we can do nuclear fusion just fine. There are numerous research
experiments already doing it. Heck, there's even a small, but dedicated
amateur community setting up experiments. A while ago there was some
highschool kid who made the news by creating a small fusion device in
his living room.
The problem, however, is that maintaining a fusion reaction requires a
lot of energy, because the fusion plasma has to be kept at very high
temperature in order for the reaction to take place. In current
experiments, the amount of energy required to maintain the reaction is
considerably higher than the amount of energy produced by the reaction.
But, as it turns out, the amount of energy produced by the reaction
scales up more rapidly with size than the amount of energy required. So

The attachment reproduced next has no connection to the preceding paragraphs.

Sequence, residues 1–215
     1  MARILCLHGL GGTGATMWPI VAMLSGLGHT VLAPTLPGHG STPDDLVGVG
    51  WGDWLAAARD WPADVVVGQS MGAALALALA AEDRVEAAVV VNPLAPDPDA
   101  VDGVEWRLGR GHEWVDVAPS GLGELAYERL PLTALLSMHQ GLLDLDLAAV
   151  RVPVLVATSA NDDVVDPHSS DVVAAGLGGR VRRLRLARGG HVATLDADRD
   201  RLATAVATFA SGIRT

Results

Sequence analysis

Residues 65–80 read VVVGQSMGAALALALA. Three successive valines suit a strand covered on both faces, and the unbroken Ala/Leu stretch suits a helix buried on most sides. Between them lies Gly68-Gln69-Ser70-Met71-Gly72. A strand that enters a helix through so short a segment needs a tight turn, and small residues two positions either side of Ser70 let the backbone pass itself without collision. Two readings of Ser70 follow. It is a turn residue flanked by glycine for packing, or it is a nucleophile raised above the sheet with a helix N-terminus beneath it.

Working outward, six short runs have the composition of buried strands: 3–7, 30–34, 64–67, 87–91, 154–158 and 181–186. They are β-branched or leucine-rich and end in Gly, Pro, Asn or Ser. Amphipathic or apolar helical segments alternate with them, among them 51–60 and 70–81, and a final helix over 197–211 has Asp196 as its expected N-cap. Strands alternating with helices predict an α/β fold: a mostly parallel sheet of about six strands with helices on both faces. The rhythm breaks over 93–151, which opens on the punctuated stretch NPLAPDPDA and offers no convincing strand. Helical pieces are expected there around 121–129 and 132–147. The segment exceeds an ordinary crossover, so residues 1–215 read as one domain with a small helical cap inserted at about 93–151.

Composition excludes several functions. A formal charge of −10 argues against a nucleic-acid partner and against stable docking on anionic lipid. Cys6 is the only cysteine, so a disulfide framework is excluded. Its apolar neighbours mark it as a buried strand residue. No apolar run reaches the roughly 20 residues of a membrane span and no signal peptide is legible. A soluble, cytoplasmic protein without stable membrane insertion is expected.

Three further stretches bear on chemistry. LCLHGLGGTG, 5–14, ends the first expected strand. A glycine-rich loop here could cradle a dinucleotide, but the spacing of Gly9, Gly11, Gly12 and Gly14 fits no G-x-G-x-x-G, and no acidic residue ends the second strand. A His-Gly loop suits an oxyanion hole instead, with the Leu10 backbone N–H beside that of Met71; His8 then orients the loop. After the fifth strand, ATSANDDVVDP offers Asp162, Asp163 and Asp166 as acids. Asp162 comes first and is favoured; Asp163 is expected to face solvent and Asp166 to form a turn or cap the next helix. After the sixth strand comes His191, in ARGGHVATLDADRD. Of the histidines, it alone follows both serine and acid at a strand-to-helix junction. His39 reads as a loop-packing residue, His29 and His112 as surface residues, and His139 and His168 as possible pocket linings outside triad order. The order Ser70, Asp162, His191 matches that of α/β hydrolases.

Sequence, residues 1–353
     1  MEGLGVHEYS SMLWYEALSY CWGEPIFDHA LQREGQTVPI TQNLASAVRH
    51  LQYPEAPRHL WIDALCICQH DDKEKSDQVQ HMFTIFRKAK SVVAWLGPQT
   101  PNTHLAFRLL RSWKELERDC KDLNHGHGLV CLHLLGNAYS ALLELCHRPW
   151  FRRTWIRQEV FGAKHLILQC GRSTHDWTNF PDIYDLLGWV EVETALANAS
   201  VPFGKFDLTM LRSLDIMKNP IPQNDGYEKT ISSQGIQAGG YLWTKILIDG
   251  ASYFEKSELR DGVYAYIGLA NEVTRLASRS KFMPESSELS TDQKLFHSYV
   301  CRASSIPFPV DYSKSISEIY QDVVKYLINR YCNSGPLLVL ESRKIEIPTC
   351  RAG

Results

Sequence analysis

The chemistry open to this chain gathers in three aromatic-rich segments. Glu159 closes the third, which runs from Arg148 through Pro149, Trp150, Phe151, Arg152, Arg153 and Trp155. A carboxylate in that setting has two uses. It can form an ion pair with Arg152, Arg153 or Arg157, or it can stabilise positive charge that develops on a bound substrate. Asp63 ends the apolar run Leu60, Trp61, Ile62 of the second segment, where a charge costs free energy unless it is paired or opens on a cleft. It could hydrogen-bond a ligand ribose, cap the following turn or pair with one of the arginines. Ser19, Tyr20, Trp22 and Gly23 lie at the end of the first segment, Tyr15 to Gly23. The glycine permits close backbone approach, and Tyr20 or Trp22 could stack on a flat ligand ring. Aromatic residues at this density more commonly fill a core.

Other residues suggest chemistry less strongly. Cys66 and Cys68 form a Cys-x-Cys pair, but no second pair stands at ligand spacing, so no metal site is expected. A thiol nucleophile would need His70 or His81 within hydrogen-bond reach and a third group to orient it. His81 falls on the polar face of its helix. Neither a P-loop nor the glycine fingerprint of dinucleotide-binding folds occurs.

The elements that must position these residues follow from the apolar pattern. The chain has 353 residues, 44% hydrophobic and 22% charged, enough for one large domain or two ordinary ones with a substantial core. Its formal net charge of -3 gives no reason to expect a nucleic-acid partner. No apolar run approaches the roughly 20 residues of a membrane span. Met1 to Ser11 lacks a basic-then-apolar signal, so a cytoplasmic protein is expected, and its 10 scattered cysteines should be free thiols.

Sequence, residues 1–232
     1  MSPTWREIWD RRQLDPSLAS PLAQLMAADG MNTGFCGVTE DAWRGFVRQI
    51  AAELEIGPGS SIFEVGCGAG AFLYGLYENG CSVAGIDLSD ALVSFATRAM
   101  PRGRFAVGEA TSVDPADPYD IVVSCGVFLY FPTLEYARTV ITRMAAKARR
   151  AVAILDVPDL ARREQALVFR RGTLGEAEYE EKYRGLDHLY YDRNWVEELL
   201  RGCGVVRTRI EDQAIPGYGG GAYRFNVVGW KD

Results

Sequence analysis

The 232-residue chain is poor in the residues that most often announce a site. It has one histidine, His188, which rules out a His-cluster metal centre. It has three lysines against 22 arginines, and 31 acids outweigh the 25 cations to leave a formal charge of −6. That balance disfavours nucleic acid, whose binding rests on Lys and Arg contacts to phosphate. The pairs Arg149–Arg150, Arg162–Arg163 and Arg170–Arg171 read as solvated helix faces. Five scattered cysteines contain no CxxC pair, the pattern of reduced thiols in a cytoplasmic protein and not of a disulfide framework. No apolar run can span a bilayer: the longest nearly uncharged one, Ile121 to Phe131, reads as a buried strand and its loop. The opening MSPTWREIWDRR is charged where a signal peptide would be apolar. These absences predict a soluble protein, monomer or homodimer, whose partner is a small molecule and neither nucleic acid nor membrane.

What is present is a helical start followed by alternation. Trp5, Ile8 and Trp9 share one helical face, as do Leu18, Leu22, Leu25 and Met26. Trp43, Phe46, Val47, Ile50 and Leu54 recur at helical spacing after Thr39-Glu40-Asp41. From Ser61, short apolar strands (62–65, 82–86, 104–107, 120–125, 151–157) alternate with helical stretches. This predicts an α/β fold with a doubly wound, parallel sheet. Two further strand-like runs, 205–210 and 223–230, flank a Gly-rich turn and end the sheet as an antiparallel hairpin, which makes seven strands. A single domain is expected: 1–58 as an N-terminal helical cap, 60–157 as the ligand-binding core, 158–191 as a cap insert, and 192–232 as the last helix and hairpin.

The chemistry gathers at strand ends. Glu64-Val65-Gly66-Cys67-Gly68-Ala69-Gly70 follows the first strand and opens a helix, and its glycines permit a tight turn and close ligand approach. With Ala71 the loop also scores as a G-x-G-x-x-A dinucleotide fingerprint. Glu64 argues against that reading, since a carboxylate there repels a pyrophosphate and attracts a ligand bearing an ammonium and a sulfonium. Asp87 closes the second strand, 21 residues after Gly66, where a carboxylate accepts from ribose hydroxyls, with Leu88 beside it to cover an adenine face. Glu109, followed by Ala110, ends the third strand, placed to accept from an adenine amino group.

by simply making the reactor bigger, we can increase the efficiency (the
so-called Q factor). But simply making the reactor bigger also makes
the reaction harder to control, so scaling up the process is not a quick
and easy job.
Scientists and engineers are currently working on the first reactor
to have a Q factor larger than 1. That is, a reactor that produces more
energy than it uses. This is the ITER project currently being
constructed in France.